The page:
Bagged Ingredient Storage

by Teresa Acklin
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Guidelines help feed manufacturers assure proper design of ingredient storage and handling facilities.

   By Joseph P. Harner III and Fred Fairchild

   Feed manufacturers often handle microingredients in bagged form. Ingredients such as dicalcium phosphate or calcium may be handled in bagged or bulk form depending on the quantity of feed produced per year, and feed manufacturers who use mobile grinders-mixers generally purchase their microingredients as base or premix in bagged form.

   Ingredients are purchased proportional to bags of ingredients per tonne of feed per ration, so different bag sizes generally are involved. In some rations, the bags may need to be 20 kilograms, whereas another ration may require bag ingredients to be in 25-kg bags.

   Good Manufacturing Practices (GMPs) in many countries specify that adequate procedures be followed for storage and handling of bagged ingredients. Under GMPs, procedures are needed for identification; storage; and inventory control, including receipt and use of medicated articles and medicated feeds. GMPs also require that bagged ingredients are stored in their original, closed containers and that storage practices assure the identity, strength, quality and purity of these drug sources.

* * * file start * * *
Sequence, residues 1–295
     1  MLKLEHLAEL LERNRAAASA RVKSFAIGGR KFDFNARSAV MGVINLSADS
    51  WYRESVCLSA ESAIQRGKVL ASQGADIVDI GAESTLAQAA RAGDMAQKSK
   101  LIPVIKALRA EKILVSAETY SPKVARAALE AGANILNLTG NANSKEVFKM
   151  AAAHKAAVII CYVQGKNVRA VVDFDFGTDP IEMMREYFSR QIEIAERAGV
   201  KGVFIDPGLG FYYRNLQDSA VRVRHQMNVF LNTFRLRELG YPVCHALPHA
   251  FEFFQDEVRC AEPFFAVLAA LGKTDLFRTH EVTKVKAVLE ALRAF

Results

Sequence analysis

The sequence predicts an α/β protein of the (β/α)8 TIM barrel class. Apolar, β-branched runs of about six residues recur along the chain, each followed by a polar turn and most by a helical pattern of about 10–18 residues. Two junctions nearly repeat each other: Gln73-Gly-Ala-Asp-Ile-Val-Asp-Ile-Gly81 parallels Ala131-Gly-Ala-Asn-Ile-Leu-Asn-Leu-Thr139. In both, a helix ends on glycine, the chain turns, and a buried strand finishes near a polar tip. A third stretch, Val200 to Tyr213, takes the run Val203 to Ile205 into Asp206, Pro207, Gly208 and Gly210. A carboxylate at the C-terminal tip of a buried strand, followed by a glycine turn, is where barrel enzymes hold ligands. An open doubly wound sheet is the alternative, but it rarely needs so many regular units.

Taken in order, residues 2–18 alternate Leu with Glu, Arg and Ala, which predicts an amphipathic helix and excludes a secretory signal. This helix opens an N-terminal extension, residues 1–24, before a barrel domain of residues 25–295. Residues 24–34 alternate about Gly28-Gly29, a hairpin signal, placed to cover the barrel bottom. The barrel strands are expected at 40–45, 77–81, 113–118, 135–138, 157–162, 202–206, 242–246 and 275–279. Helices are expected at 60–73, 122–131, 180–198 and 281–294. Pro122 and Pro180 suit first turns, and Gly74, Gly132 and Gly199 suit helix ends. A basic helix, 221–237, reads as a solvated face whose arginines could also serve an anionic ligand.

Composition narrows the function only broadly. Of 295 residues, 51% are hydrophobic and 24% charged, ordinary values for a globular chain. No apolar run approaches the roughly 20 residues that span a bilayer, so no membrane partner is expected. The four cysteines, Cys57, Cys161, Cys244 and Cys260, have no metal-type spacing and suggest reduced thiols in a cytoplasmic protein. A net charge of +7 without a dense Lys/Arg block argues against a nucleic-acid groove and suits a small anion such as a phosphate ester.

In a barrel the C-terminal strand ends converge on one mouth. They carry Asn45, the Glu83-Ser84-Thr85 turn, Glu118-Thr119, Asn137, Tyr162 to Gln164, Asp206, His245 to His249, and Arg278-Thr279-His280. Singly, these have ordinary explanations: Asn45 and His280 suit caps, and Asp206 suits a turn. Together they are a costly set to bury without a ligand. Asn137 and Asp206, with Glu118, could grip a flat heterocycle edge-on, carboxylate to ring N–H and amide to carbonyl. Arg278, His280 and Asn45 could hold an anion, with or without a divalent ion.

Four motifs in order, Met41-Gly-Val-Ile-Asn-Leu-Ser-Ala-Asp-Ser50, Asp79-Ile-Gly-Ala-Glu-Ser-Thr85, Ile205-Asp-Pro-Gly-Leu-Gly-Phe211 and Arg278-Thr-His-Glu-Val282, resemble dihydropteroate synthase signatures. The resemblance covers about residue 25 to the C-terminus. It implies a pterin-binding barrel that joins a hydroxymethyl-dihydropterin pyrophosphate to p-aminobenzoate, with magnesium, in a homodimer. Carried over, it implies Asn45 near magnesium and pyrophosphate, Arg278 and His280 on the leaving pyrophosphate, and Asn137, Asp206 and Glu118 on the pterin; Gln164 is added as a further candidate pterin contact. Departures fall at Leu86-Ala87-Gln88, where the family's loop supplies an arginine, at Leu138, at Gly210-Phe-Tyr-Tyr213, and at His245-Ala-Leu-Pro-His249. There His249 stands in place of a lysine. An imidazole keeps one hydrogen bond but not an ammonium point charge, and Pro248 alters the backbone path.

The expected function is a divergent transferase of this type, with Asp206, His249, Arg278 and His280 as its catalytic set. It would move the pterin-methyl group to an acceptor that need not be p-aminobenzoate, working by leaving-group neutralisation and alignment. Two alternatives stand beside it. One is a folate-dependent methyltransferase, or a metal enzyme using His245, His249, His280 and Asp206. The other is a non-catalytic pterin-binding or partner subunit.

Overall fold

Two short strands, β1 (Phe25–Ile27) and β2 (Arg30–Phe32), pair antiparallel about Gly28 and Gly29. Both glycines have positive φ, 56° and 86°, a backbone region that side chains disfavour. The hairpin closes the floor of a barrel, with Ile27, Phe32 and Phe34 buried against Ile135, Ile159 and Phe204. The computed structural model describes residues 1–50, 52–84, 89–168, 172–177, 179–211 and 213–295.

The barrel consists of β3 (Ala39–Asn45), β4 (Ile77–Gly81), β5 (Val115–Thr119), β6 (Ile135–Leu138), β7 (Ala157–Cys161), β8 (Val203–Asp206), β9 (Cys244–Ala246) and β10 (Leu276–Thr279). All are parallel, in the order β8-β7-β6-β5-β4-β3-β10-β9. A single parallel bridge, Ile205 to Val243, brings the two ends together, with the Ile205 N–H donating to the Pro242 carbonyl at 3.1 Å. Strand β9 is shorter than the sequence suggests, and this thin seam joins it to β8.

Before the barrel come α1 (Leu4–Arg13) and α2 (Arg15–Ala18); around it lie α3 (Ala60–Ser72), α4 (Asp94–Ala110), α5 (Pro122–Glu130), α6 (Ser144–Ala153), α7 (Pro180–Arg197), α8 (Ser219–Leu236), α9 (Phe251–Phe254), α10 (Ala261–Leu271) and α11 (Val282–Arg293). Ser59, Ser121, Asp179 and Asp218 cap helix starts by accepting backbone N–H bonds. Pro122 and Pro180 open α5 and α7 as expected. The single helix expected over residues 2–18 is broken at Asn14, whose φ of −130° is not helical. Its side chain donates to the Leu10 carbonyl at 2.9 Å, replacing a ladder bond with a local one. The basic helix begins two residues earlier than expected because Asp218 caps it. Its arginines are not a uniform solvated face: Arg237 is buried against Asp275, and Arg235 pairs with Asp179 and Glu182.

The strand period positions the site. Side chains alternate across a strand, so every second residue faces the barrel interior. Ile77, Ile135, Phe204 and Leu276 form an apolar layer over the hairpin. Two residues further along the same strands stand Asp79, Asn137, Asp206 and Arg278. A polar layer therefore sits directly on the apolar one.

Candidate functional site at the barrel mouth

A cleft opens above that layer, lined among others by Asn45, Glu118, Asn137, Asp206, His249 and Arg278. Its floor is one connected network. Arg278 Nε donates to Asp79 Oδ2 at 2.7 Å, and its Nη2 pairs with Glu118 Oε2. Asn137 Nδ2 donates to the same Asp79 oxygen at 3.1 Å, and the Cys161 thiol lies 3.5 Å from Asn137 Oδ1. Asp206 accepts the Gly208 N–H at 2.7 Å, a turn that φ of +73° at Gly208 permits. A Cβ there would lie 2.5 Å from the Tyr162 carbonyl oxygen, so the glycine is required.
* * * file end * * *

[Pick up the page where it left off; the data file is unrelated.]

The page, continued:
Bags are often stored in older buildings or machinery sheds. Occasionally, even discarded trucks or vans are used for storing bagged ingredients. These types of storage facilities also often are used for storing nonfeed items, and they seldom are rodent- or bird-proof.

   GMPs require bagged ingredients to be stored in buildings that are rodent- and bird-proof, with no storage of petroleum-based products or other products, such as batteries, within the bagged storage area. Multipurpose buildings also do not lend themselves to maintaining feed production records or provide an environment for maintaining scale accuracy.